Bonds a super tax back-up
By Neil Rogan
As published in The West Australian on 18 July 2016
Now that we know the coalition will form Government in the 45th Parliament, we can at least start to think about what kind of legislation will be passed.
It is clear Malcolm Turnbull’s planned changes to superannuation may be changed to accommodate the new Senate and his own backbenchers. Regardless, I think it is likely wealthier investors will need to consider alternative investments to complement their super.
Reducing tax breaks for the wealthy means financial advisers will need to find ways in which high net-worth clients can complement smaller contributions to super with other tax-friendly structures.
There are a number of options available, including family trusts and negative gearing. But one which is particularly suited for consideration by investors with a medium to long-term investment horizon is investment bonds.
Investment bonds, like managed funds, allow for investment in a range of asset classes. However, like superannuation, tax is paid within the investment bond structure, and not by the investor, at the corporate tax rate of 30 per cent.
Franking credits and tax deductions can also reduce the effective tax rate still further. Additional contributions can be made to the bond each year and, if it is held for 10 years, no personal tax is payable on the principal or earnings.
The proposed reduction in the annual concessional contribution cap from $30,000 or $35,000 for the over 50s to a flat $25,000 a year means those contributing $35,000 a year in the past could consider contributing the excess $10,000, or even more, into an investment bond.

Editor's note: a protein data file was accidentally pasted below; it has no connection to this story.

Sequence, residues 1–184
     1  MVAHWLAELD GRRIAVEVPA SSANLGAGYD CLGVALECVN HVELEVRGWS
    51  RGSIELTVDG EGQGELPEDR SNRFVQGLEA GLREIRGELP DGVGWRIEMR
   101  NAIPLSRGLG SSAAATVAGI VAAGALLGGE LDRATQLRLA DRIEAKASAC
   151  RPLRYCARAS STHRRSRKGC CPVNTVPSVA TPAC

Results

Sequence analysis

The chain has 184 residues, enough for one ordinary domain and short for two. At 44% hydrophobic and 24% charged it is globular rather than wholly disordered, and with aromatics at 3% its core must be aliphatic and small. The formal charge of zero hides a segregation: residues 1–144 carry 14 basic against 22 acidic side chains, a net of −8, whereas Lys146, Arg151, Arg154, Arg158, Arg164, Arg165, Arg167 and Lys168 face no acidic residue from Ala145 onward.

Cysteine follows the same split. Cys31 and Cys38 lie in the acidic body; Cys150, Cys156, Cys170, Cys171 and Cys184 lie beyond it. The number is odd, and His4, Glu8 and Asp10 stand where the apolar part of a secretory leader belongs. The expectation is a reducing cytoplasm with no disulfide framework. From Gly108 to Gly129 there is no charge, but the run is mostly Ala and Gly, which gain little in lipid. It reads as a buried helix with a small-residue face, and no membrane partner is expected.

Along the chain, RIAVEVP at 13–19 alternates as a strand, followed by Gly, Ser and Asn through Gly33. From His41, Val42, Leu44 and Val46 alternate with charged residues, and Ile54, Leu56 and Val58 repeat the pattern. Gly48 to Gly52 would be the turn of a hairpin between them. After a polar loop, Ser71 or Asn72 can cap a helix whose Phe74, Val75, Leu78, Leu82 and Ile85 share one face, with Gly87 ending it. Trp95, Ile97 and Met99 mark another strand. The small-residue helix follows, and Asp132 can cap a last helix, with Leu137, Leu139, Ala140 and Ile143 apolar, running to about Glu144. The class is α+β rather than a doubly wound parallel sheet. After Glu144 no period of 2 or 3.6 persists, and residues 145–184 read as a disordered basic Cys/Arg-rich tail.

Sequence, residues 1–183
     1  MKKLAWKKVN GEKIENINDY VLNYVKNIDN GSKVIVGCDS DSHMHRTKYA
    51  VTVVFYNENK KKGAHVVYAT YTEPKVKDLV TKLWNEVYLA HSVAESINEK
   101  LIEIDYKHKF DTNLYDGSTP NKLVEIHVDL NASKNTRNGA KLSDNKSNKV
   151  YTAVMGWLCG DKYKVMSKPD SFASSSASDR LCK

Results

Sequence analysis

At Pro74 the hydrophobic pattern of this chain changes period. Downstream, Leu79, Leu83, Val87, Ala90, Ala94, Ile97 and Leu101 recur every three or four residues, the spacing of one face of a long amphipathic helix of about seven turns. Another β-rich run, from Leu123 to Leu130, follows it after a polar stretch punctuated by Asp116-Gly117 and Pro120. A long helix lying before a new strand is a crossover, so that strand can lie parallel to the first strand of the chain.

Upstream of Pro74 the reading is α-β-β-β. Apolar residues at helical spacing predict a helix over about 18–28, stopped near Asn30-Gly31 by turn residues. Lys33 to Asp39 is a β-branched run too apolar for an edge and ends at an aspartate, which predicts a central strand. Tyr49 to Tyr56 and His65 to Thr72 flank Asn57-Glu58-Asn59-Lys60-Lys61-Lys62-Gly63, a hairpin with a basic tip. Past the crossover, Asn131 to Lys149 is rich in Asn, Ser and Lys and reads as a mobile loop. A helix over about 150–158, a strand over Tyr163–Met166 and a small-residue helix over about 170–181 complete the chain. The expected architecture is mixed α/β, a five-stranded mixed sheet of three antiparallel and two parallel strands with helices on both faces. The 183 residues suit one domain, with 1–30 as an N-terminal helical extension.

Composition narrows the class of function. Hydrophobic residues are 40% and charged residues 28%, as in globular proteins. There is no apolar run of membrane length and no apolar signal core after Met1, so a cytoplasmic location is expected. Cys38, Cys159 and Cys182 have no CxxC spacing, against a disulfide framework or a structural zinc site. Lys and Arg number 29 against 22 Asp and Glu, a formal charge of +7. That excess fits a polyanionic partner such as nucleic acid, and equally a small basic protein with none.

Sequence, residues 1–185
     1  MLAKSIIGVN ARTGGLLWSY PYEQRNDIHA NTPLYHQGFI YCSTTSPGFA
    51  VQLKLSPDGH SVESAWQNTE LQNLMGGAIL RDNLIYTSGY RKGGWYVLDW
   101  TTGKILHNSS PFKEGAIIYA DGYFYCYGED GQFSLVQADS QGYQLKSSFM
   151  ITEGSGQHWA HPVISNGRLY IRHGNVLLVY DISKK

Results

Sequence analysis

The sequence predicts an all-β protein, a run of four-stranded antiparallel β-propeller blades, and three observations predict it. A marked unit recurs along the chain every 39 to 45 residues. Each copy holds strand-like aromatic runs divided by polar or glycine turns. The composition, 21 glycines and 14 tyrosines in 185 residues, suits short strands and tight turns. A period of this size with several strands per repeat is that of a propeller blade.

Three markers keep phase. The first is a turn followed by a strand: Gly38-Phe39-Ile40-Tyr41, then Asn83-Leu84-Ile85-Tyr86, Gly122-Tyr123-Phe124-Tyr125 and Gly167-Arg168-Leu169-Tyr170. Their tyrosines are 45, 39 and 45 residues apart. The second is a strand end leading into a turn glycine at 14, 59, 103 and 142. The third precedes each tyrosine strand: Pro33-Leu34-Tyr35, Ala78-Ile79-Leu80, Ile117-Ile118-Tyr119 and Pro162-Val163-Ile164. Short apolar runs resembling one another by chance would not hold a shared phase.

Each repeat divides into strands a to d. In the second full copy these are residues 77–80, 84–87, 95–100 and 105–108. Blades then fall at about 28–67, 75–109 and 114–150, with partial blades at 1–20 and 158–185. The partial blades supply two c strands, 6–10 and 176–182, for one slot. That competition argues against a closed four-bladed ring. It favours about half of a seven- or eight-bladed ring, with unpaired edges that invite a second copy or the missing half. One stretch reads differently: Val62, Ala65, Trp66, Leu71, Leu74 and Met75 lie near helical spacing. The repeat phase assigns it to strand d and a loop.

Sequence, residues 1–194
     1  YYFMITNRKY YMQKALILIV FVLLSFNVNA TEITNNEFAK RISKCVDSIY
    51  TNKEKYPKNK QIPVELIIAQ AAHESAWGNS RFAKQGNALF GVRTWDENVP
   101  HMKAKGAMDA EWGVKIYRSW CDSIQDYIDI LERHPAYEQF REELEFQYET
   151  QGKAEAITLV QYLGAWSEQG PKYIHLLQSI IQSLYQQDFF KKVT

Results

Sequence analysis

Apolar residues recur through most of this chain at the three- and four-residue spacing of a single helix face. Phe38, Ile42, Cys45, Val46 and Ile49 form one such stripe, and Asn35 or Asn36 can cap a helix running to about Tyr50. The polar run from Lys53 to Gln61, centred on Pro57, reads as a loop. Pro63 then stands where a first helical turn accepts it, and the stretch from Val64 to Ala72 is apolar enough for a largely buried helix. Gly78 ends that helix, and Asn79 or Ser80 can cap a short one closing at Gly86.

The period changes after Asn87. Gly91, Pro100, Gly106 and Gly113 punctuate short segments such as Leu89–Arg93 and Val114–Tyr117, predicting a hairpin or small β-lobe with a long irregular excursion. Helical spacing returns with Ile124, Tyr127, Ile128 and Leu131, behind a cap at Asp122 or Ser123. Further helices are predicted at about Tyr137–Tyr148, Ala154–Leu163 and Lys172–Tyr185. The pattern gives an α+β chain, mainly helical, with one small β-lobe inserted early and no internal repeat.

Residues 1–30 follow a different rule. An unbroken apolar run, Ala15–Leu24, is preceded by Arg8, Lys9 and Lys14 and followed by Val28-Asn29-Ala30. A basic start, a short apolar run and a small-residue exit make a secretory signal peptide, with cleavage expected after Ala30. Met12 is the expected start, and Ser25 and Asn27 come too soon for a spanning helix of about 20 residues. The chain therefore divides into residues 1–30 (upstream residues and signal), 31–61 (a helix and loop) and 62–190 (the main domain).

There is no limit to the initial investment. The investor does not need to include the bond in their annual tax return and after 10 years all the proceeds from the bond, both capital and earnings, are personally tax free.
The reduction in the non-concessional cap from $540,000 every three years to a lifetime limit of$500,000, backdated to July 2007, means investors who have reached their limit will need to review their options.
Again, investment bonds can help. There is no limit to what can be contributed in the first year, and additional annual contributions of up to 125 per cent of the previous year’s contribution are allowed.
If the investor wishes to with-draw the proceeds after 10 years, they are free of any extra tax and their adviser can establish a withdrawal program of this income, if the investor doesn’t want to take the full proceeds as a lump sum.